A Shiboridashi is a Japanese accessory mainly intended for infusing Japanese green teas, especially "Gyokuro", which is a particularly complex and rich green tea.
As this type of tea is steeped at a low temperature (between 50°C and 70°C), the Shiboridashi can be used without the risk of getting burned.
The small size of the Shiboridashi is ideal for obtaining a liqueur which reveals all the subtleties of large Japanese green teas. Its white porcelain perfectly reproduces all the aromatic notes, while highlighting the color of the liquor. Porcelain is a type of ceramic particularly recognized for distributing heat evenly, which allows optimal tasting, especially for green teas. A Shiboridashi is characterized by its fine grooves (in the spout area) which allow the tea leaves to be filtered.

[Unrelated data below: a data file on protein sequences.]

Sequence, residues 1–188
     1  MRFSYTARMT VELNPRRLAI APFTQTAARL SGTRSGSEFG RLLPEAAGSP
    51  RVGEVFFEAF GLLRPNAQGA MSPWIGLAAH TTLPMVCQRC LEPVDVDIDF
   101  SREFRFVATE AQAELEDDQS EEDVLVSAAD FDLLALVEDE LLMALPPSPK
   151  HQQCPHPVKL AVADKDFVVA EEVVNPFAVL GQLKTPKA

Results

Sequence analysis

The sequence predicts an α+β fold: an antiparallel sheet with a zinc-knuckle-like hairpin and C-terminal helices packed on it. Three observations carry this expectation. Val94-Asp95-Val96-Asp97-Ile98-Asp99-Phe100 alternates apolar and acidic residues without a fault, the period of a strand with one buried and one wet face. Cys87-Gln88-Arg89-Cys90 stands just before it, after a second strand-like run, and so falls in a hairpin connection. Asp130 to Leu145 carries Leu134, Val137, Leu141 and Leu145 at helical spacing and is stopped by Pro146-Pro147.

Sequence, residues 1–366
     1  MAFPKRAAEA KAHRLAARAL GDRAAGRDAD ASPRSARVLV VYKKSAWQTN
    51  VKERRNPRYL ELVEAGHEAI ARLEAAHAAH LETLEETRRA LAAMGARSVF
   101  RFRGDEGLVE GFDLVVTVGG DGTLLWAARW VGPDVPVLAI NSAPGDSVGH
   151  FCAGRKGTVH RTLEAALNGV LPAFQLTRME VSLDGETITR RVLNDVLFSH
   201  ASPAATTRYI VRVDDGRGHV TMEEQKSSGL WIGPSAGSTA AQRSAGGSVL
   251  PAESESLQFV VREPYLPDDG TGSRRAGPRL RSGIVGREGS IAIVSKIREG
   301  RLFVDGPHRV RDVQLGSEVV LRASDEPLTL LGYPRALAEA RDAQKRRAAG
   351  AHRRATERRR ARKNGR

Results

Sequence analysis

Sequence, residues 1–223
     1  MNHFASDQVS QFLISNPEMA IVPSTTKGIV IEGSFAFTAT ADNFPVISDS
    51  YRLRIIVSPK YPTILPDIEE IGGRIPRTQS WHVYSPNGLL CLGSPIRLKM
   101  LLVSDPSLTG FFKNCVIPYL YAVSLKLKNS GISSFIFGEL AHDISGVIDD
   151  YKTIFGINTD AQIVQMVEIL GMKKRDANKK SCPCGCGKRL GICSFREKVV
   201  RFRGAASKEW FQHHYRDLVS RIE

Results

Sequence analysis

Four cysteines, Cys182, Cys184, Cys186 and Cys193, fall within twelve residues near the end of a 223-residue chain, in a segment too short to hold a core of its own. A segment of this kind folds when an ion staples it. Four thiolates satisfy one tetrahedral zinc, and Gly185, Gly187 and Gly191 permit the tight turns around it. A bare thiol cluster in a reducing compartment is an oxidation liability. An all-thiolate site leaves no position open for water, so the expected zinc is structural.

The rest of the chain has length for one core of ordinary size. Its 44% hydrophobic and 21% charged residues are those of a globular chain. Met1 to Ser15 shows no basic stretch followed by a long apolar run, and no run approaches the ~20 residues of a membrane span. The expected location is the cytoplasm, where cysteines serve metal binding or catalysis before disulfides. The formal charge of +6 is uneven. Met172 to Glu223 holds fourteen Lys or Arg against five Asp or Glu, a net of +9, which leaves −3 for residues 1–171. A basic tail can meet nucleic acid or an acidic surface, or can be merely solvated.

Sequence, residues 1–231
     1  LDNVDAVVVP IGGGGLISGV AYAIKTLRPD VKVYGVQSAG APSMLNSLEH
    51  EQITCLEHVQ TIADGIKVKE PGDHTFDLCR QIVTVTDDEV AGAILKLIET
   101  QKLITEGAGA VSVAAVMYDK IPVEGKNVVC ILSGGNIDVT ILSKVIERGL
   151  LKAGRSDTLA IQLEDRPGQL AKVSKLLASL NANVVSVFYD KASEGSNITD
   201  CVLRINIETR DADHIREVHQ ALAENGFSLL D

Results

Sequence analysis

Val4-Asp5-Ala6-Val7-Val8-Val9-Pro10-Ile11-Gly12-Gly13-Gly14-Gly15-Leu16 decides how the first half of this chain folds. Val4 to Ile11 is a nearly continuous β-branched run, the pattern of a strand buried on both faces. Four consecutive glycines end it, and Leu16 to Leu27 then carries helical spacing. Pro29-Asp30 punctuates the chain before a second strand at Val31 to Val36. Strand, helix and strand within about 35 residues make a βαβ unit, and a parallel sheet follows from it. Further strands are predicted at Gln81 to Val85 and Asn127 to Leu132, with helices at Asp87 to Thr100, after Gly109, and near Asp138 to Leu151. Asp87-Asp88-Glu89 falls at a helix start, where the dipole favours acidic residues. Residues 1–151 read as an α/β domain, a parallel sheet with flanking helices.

The traditional preparation of Japanese teas is inspired by a ceremony called Senchado. The Senchado is a ritual that is part of the path of tea (chado), alongside Cha No Yu. The difference between the two ceremonies is tea: Cha No Yu is a ceremony around Matcha, while Senchado is centered around leaf teas (Gyokuro, Kabuse, Sencha).
The traditional technique inspired by Senchado can be practiced in two different ways:
- either by using a Kyusu: the traditional Japanese teapot
- or by using a Shiboridashi: utensil similar to Hohin and reminiscent of the Chinese lidded cup called Gaiwan.